Bicycles

"World’s most efficient" bicycle drivetrain unveiled at Eurobike

"World’s most efficient" bicyc...
The CeramicSpeed DrivEn system would have to be built into new bikes – it couldn't be retrofitted to existing models
The CeramicSpeed DrivEn system would have to be built into new bikes – it couldn't be retrofitted to existing models
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The CeramicSpeed DrivEn system would have to be built into new bikes – it couldn't be retrofitted to existing models
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The CeramicSpeed DrivEn system would have to be built into new bikes – it couldn't be retrofitted to existing models
The CeramicSpeed DrivEn system incorporates a total of 21 ceramic bearings 
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The CeramicSpeed DrivEn system incorporates a total of 21 ceramic bearings 
The CeramicSpeed DrivEn system's chainring
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The CeramicSpeed DrivEn system's chainring
The CeramicSpeed DrivEn system is claimed to be 99-percent efficient at transferring pedalling power
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The CeramicSpeed DrivEn system is claimed to be 99-percent efficient at transferring pedalling power
The CeramicSpeed DrivEn system was developed in partnership with the Mechanical Engineering Department at the University of Colorado, and has just received the 2018 Eurobike Award
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The CeramicSpeed DrivEn system was developed in partnership with the Mechanical Engineering Department at the University of Colorado, and has just received the 2018 Eurobike Award

Of all the items currently on display at this year's Eurobike show in Germany, one of the most attention-getting is CeramicSpeed's DrivEn pinion-style shaft-drive system. According to its designers, it creates 49 percent less friction than the high-end Shimano Dura Ace chain-and-derailleur setup.

At the heart of the prototype drivetrain is a cylindrical carbon fiber shaft, that reaches from the single chainring in front to a flat 13-speed cassette on the rear wheel.

Mounted on either end of that shaft are sets of very-low-friction ceramic bearings (there are a total of 21 of them), which engage the teeth on the chainring and the cassette cogs. As the rider pedals, the bearings transfer torque from the chainring through the shaft and into the rear wheel, turning it.

In its current form, DrivEn can't shift between gears, although BikeRadar reports that this could conceivably be managed using a wireless servo to move the rear bearing mechanism fore and aft relative to the cassette.

The CeramicSpeed DrivEn system incorporates a total of 21 ceramic bearings 
The CeramicSpeed DrivEn system incorporates a total of 21 ceramic bearings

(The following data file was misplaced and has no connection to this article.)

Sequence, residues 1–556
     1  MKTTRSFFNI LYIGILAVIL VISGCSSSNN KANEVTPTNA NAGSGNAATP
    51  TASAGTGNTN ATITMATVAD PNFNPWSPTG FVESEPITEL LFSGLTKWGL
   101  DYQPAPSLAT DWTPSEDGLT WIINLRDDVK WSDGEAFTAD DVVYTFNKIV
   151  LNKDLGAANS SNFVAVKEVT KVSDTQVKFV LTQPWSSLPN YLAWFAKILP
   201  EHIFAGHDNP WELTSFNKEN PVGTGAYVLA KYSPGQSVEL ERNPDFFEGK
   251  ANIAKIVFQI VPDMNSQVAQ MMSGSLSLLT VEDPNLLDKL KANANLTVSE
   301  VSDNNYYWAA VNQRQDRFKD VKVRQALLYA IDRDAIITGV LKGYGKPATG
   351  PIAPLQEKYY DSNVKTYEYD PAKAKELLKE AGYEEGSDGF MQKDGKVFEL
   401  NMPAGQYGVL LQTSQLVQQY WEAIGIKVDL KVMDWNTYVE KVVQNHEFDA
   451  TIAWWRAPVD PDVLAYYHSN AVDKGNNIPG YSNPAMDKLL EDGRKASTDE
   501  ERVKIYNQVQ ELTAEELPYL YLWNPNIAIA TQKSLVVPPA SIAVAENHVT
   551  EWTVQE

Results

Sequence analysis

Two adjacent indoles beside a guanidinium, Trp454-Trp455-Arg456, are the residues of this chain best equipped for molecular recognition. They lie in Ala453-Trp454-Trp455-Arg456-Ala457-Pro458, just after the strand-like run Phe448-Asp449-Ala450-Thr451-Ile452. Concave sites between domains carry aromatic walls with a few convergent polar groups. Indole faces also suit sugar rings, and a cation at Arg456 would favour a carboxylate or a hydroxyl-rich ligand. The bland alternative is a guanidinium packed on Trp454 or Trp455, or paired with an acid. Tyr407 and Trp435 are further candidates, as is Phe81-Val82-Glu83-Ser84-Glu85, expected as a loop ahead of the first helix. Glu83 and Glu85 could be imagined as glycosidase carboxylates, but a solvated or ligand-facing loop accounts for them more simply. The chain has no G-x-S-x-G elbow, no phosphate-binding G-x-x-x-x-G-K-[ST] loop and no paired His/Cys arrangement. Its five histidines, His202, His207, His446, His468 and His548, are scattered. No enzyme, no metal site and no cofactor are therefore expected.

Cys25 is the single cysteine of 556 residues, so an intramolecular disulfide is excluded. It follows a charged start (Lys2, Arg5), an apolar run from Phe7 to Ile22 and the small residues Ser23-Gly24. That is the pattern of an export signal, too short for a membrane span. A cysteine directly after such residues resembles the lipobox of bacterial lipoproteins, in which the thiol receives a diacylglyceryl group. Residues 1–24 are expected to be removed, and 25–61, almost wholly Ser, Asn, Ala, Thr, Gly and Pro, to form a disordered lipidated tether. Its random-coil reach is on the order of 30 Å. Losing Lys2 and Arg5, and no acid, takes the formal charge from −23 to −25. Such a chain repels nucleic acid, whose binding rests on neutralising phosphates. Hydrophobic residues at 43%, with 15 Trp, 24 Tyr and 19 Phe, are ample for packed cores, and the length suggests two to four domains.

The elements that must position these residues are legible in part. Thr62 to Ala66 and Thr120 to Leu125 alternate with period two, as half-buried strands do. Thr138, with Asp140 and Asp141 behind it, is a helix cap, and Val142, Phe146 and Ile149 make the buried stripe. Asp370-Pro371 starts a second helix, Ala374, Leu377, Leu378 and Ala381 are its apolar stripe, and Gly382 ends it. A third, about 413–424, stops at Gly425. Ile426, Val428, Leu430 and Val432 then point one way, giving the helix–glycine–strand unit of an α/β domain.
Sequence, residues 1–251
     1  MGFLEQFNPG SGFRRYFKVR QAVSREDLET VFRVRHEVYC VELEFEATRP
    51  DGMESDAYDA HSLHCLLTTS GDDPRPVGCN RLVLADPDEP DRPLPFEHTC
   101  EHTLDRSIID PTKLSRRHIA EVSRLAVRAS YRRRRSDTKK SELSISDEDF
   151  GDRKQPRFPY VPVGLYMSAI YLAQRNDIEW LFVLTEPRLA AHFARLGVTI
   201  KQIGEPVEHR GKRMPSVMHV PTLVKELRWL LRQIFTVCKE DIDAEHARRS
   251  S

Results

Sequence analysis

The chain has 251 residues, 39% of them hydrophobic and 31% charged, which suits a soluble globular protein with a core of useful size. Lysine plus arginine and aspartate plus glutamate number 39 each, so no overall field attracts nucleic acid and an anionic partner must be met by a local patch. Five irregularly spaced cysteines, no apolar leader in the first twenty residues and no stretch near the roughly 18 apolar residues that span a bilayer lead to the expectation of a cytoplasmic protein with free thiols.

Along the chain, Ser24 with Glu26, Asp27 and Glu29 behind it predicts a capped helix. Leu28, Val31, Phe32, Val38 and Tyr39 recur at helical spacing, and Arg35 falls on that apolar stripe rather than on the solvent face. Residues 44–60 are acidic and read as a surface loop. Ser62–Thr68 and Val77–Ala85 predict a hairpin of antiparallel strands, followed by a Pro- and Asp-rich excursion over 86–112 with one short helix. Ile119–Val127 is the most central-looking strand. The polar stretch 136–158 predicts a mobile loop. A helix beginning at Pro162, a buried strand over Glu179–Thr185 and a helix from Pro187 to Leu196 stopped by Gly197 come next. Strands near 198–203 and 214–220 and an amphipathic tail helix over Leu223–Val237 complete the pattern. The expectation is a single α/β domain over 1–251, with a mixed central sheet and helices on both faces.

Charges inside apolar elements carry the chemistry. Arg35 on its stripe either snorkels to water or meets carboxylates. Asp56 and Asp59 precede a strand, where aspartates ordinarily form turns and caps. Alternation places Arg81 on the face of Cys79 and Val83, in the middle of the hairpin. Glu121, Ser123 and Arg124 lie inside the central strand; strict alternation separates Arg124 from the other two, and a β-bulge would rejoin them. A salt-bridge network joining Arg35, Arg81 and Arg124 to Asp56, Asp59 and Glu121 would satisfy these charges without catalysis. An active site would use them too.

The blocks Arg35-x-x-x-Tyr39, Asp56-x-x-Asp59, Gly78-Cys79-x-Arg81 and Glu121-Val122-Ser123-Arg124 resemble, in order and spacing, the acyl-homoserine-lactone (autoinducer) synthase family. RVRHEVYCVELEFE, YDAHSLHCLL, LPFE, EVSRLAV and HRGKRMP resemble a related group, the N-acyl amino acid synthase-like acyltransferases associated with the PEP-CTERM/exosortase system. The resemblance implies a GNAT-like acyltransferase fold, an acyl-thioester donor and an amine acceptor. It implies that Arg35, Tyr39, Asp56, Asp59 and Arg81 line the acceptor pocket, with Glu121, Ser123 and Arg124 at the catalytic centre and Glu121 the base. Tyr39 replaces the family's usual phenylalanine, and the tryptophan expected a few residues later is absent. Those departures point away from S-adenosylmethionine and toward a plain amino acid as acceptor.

"CeramicSpeed has proudly accomplished what many have said couldn't be done," says company CTO Jason Smith. "We achieved a 99-percent efficient multi-speed drivetrain while eliminating the chain and complex rear derailleur."

That efficiency is reportedly achieved due to the fact that the system does away with the eight points of sliding friction that are present in a regular drivetrain, where the chain articulates while passing through the chainring, cassette and derailleur.

DrivEn was developed in partnership with the Mechanical Engineering Department at the University of Colorado, and has just received the 2018 Eurobike Award. There's currently no word on commercialization.

And for another take on the shaft-drive bicycle idea, check out the Alpha Bike concept.

Source: CeramicSpeed via VeloNews

20 comments
f8lee
So for the moment it's a fixie - kind of nifty looking but without the ability to change gears anyway somewhat pointless...
axio
Hmm... looks nice, but: - aah.. how does it change gears? that's far harder said than done.. - is it comparing efficiency to the default Dura-Ace chain system out of the box? Because the default chain oil used is sticky like honey and is renowned for its friction... everyone cleans that right off and uses a lighter oil.
T N Args
@f8lee, it clearly isn't *meant* to be a fixie. You are just seeing Stage 1 before they complete the project with a 13-speed mechanism. Extremely not-pointless. In fact, it is the end of the derailleur for those who aspire to the best.
Johannes
Even if they can solve the gear change problem with a sliding pinion, that flimsy gear-set will flex so much that the pinion rollers will jump teeth on the bigger cogs. It's a "no" from me.
duncan06
it does not change gear and it is a tiny amount more efficient that the system that does Guess what if I modify a derailleur system so that it does not change gear then I lose that inefficiency as well!! - so the gear/chain system will be just as efficient as this monstrosity
owlbeyou
Never thought of the derailleur system as inefficient. It certainly doesn't hold anyone back from the enjoyment/workout it gives. Was hoping for a video demonstration. The cassette diameter will be prone to flexing, as Johannes says, can't change gears yet, and what is the weight difference between the two methods? Is this meant for competition cycling? Would the average cyclist have incentive to buy it, and at what cost?
Towerman
I like it a lot, but it will have to be made very strong.
Lardo
Here's the problem with gear changing; In order for the "pinion" to move back & forth through the "cassette", each of those rings will need to be separate parts. And will somehow need to synchronize with each other. Even if that is possible, you’ve now added a good amount of complexity. And, therefore, cost. T N Args is mistaken. The derailleur isn’t going anywhere, anytime soon.
Douglas Bennett Rogers
All it needs is a freewheel at one of the three rotation points and a spring loaded sleeve on the shaft.
Paul Anthony
This is remarkable